There's a new iOS 16 feature that Apple hasn't promoted much, but that has instantly become my favorite thing about the new OS. Hidden in the Settings app, there's now an option to activate haptic feedback for the keyboard. And not only is it now an option, it works brilliantly.
Apple’s headline features like the new Lock Screen customization options and detailed 3D buildings in Apple Maps are cool, sure. But they don't change the fundamental way I interact with my iPhone daily in the same way that haptic keyboard feedback does.
If you have the beta installed, you can enable it by going through Settings -> Sound and Haptics -> Keyboard Feedback and enabling the Haptic toggle. If you don't know what I'm talking about, basically this option makes the phone vibrate slightly as you type on the onscreen keyboard, just like how it does when you press certain buttons in apps or long-press an icon on your home screen. If you've never tried this before, trust me, it makes a huge difference for such a little change.
I didn’t try the keyboard feedback option out in the developer beta, but in this initial public beta, it already feels fantastic. Each key produces a pleasant little pop beneath your thumbs, and never distracts from whatever you’re typing out.
iPhones already offer key tap sounds for typing on the keyboard, and while that provides some level of feedback, they don't really compare to the tactility of the vibrations. Plus, the sounds disappear if you put the phone on silent mode. Haptic feedback sticks around, meaning typing quietly still feels like typing rather than just normally tapping on the screen.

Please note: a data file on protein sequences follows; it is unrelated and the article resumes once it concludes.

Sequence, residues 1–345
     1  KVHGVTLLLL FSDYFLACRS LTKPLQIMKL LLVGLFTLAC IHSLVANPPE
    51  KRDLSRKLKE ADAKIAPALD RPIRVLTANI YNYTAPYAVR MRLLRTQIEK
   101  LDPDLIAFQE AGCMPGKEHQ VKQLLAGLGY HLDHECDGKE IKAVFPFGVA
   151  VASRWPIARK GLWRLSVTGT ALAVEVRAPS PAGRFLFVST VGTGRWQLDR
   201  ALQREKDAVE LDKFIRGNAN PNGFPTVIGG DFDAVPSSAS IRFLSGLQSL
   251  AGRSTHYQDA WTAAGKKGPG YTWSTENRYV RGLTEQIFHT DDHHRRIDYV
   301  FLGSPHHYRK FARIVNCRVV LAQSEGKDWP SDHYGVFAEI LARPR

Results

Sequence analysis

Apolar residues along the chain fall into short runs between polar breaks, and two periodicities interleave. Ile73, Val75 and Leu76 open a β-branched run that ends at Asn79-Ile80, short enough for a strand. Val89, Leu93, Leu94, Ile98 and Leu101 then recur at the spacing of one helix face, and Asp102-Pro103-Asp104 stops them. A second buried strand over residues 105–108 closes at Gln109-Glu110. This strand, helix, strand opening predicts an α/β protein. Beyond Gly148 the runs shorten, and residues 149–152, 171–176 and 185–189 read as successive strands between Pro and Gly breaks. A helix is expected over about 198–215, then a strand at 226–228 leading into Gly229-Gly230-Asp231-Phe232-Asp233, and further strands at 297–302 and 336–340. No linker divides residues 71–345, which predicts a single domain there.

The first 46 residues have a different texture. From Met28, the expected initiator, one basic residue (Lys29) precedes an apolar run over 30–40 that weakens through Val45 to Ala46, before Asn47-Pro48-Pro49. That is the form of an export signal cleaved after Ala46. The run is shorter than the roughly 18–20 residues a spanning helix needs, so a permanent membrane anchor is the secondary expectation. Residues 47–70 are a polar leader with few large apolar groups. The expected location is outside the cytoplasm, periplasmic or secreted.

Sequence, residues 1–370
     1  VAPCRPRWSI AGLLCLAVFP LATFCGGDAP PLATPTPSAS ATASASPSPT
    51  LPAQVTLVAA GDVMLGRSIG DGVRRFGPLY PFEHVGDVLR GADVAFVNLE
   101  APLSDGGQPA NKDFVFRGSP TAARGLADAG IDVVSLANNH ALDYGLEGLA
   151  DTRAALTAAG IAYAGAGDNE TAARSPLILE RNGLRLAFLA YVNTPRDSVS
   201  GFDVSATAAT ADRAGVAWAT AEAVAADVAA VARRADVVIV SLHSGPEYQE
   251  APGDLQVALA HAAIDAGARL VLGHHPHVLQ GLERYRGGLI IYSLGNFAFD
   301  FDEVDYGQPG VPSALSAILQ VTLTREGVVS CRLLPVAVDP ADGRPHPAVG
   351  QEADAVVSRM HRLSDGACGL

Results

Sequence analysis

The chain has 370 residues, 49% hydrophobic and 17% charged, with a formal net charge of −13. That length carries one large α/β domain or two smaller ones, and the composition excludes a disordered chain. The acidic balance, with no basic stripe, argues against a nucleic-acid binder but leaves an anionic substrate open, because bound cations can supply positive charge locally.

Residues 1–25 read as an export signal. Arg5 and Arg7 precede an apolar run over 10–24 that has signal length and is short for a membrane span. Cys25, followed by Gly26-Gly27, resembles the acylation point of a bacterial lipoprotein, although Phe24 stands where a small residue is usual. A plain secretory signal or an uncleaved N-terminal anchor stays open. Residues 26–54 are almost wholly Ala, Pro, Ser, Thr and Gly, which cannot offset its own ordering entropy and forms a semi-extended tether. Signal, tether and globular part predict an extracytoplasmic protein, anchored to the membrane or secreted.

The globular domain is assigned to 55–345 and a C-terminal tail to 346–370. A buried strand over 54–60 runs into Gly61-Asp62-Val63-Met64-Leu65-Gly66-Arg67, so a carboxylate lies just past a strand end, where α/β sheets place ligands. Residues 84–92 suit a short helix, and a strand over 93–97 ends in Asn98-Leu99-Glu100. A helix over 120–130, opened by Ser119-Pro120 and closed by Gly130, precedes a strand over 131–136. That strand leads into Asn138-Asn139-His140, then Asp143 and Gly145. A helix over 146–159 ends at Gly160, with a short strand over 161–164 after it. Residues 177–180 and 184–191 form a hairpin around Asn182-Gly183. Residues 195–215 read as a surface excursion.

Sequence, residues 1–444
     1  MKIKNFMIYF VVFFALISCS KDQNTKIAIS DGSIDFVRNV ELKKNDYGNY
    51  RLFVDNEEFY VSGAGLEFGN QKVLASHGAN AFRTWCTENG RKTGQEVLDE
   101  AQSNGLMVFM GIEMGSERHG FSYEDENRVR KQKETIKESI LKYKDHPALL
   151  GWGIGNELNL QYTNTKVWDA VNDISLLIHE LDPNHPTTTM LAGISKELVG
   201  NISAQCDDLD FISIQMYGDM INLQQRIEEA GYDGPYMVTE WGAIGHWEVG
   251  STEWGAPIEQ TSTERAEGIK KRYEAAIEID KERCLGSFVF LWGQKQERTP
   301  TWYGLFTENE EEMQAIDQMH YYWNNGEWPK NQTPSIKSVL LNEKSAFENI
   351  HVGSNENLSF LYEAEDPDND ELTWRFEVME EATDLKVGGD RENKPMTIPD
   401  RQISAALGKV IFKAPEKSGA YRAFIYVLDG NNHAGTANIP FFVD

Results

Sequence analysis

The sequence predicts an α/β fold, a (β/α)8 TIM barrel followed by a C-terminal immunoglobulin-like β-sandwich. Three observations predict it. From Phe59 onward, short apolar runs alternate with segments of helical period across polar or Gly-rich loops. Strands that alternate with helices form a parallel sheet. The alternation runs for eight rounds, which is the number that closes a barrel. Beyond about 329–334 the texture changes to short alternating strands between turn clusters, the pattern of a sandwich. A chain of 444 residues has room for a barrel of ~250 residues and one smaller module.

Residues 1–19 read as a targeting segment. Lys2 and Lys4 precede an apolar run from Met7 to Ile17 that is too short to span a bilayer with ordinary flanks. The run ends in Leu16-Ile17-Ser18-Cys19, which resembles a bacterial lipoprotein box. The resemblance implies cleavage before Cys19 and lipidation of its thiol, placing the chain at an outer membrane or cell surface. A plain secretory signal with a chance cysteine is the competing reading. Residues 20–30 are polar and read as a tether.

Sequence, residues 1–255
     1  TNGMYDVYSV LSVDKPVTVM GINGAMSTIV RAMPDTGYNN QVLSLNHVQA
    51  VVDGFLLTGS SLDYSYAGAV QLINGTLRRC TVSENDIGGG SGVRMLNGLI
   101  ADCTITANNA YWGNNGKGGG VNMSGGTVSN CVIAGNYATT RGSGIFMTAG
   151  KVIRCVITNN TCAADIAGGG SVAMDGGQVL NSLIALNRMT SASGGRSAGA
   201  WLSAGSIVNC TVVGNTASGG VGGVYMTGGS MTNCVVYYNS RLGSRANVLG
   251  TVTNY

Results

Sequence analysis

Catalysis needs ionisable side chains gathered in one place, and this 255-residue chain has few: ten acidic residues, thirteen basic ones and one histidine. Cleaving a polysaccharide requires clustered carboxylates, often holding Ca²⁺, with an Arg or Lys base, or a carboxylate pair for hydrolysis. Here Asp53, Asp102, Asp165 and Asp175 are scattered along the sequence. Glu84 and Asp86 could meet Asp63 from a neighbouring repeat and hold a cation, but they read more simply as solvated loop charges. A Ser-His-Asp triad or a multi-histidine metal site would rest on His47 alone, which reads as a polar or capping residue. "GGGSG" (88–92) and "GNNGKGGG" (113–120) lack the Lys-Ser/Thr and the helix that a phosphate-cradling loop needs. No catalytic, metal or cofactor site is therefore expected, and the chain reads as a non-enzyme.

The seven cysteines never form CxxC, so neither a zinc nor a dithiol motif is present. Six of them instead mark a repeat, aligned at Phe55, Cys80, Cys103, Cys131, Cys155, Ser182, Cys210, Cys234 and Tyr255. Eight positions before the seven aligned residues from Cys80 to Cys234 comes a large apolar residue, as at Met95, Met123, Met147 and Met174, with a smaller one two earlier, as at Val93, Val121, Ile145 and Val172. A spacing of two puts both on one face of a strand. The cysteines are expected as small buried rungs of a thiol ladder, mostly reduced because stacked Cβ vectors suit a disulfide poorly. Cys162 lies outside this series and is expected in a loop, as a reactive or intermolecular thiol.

It didn't take long typing with haptic feedback for me to realize I couldn't go back to the regular iPhone keyboard. So I have actually done something I don't recommend doing: installing beta software on my main phone.
I started writing this article on the iPhone SE 2022 I was using to try out iOS 16. It seemed like a good way to get properly familiar with how the keyboard felt. But I’ve finished writing this on the iPhone 13 Pro Max I use every day — once I installed the beta there, too. That's how seriously I appreciate this feature, although I'll only recommend my iPhone-using friends enable it once the final version of iOS 16 arrives this fall.
Of course, haptic keyboard feedback on the iPhone can’t really be called a game-changing feature, since Samsung, Google and the rest of the best Android phones have offered haptic keyboard feedback for years already. But Apple finally adding tactile taps has filled an important gap in the iPhone’s arsenal of features, and it has done so in the effortlessly good way that all Apple devices' best features work. It's the epitome of better late than never.
You can also check out our guide on how to use essential iOS 16 features on your iPhone.